Small wonder why people have midlife crises in this world that writes off experience and fails to understand that life after 40 is far from over.
There are other takes. Former child star Tia Mowry (of Sister, Sister fame) wrote about embracing her gray hair as a blessing; she’s gotten to an age many people never experience due to early death. People noticed her gray, even told her to cover that up because “girls shouldn’t be seen that way”—because at 40, don’t we all want to be referred to or looked at as girls? Whenever an aging Hollywood starlet (and it’s a truth, not a smear, that we are all aging) gives up the ghost and stops dying her hair or fretting about it, some whisper. Some talk loud social-media shit and ask why she let herself go so. Many cheer, optimistically declaring the end of an era where gray hair meant the end of one’s career or desirability. The Wall Street Journal assured us earlier this year that women are now going gray at work, the ultimate flex.
Small wonder why people have midlife crises in this world that writes off experience and fails to understand that life after 40 is far from over. In fact, it’s a period of rebirth for many women, who get a spurt of creativity when their hair starts to turn that supposedly unattractive gray. My hair is a source of power because I love this part of me regardless of what anyone says. I joke, half-seriously, that I’m waiting for the day when it all goes white-gray like the mane of Storm of the X-Men comic and films (then, I will levitate into the sky, make pronouncements about good and evil, and control the elements, just like she does with her bad self).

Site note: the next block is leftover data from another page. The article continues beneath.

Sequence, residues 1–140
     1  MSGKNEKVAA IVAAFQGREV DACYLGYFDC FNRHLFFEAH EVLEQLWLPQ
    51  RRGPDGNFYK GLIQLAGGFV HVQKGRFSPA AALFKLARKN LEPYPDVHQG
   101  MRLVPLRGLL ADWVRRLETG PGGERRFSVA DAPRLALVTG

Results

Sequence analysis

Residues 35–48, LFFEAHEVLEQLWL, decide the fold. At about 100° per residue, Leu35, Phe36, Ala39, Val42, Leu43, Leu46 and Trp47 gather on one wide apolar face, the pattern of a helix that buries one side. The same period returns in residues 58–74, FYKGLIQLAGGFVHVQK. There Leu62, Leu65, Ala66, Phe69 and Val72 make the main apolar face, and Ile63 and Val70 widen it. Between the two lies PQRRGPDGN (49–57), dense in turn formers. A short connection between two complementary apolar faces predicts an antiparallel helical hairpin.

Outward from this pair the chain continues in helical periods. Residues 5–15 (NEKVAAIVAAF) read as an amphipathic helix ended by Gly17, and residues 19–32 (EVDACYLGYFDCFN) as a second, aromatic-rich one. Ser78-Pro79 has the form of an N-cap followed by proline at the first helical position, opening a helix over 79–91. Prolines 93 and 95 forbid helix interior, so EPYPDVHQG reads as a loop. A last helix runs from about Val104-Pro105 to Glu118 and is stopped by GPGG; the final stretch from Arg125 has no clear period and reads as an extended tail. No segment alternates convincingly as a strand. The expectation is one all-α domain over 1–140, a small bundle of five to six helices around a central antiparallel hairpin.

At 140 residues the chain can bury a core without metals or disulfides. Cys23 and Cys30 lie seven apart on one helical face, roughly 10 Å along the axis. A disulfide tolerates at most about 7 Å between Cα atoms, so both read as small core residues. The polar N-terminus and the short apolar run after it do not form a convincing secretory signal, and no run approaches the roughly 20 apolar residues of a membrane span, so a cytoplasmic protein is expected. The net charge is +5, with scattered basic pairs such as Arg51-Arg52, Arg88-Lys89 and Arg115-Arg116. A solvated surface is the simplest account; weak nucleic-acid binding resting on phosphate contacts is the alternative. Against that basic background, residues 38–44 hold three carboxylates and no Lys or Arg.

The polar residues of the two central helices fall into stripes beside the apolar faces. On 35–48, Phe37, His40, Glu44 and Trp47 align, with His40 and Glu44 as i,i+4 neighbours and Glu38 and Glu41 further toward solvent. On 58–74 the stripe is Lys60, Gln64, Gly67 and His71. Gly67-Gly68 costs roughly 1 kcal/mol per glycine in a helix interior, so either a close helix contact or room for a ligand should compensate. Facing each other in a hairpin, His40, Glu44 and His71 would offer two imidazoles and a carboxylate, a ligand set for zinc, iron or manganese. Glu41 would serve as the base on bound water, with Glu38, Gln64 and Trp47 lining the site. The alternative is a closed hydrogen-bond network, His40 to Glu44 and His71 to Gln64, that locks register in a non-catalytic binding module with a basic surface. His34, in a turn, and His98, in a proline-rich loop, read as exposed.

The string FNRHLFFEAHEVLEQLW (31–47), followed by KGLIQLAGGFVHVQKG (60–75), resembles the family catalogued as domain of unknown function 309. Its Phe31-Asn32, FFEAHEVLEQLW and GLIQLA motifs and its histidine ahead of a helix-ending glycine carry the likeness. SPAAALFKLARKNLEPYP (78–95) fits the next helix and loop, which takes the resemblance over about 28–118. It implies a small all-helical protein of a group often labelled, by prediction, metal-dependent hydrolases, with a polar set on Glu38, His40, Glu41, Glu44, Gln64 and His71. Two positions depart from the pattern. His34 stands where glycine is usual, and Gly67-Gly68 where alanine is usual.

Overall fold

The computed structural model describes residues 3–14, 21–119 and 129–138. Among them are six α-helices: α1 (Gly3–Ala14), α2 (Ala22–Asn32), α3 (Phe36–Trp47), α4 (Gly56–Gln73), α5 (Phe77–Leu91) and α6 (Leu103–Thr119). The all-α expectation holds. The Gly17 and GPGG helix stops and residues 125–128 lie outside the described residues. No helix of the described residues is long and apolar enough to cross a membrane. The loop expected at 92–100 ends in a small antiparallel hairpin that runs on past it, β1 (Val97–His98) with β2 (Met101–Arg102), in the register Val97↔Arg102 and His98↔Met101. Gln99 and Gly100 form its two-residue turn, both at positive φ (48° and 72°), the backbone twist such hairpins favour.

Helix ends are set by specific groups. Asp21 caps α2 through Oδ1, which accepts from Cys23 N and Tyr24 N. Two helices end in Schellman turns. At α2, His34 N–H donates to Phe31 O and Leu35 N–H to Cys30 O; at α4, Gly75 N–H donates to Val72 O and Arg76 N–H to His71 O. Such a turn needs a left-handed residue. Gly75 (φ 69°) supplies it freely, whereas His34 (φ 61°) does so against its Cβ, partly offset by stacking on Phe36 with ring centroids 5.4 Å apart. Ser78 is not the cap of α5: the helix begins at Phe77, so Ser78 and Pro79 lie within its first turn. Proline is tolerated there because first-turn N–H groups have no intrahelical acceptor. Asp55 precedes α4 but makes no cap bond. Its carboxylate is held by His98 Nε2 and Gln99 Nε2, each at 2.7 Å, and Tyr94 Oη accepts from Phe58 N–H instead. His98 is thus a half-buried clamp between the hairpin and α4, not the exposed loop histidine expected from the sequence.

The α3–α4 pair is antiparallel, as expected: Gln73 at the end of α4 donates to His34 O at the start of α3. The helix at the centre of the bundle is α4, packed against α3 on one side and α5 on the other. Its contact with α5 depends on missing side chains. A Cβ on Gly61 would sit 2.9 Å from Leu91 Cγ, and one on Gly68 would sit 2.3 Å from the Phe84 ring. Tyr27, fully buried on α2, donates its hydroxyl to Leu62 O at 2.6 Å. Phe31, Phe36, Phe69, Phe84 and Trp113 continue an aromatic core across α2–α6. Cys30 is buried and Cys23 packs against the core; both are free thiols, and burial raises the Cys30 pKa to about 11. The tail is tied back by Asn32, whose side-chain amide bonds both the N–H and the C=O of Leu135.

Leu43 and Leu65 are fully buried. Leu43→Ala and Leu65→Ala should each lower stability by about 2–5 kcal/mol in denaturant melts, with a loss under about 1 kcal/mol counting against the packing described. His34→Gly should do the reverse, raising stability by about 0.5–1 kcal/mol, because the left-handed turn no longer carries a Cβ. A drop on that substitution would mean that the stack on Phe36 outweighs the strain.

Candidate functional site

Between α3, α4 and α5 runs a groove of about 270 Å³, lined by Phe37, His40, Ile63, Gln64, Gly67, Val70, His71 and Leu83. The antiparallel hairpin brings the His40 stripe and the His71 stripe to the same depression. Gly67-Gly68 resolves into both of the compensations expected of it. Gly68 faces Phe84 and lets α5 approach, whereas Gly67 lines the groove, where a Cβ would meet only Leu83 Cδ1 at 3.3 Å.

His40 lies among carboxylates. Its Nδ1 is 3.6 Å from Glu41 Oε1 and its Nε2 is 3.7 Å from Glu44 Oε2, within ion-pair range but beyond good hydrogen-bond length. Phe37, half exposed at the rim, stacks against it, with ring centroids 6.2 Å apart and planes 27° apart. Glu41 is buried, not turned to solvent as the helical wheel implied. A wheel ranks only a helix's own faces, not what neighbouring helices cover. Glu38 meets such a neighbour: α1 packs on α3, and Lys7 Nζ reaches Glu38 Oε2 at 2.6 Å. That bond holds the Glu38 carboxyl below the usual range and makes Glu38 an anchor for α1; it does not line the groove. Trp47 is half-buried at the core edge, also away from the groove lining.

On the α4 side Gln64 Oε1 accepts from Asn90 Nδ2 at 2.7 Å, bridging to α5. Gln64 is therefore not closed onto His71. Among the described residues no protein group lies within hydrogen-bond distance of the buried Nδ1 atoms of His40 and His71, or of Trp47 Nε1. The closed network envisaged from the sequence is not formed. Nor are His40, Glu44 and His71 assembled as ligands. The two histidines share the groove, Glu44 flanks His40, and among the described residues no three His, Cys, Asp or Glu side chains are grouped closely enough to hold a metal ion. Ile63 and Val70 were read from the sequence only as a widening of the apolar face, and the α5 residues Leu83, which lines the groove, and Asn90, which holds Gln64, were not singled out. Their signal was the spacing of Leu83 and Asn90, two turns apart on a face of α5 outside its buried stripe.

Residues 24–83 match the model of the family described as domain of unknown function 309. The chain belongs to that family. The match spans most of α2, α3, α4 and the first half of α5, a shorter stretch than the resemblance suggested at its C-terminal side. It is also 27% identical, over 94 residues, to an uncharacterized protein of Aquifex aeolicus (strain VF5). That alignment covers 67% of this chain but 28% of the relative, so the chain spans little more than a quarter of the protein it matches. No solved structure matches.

My gray makes me stand out, especially with white glasses or a crisp, white dress.
Gray hair isn’t the cosmetic kiss of death, though these gray hairs are more recalcitrant and harder to tame than my brown wiry strands. I’ve found more positive responses to my gray than negative—though the approval comes more from the idea that I’m brave to wear my hair as is. I’m less brave than vain: Some people may overlook me in a room because people love to chase youth. But my gray makes me stand out, especially with white glasses or a crisp, white dress.